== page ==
James Moore: Drug makers in a fix as new treatments fall short

Outlook: Ouch. TC-5214 has tipped up. AstraZeneca is facing up to the failure of yet another drug from its already limited looking pipeline of new treatments.

The experimental antidepressant has failed its latest clinical trials and will be dropped at a $50m (£31m) cost. Disorders of the brain are proving tough to treat, largely because our understanding of that rather crucial organ is not really at a sufficiently high level to allow drug makers to develop remedies for its many maladies.

And it isn't just the brain. The same is true in many fields of medicine and so there will be many more TC-5214s to come. As patents run out and generic drug makers get to work on their reliable earners, the giants of the pharmaceutical world are having to grapple with a number of unpleasant dilemmas. Research is becoming increasingly risky and expensive and that is not a message that shareholders like to hear.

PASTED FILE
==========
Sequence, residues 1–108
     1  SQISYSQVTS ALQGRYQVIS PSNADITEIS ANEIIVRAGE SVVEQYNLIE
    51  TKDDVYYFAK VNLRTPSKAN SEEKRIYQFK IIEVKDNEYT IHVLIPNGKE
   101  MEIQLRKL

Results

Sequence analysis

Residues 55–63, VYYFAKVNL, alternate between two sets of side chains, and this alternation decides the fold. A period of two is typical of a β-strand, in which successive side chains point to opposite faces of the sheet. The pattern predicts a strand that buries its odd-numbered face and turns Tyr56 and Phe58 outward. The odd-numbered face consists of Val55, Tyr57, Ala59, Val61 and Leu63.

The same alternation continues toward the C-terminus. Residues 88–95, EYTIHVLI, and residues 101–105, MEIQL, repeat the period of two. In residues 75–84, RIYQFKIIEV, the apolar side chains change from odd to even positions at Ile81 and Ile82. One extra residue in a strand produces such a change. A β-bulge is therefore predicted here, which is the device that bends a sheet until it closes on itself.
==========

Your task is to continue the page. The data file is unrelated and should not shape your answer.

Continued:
Astra is not alone in having a weak-looking pipeline and finding a cure for this isn't going to be easy.

So far the only potential treatment the industry's leaders have found is buying up rivals. But that is no magic bullet. Not only is it extraordinarily costly, it also usually comes with any number of unforeseen and nasty side-effects.

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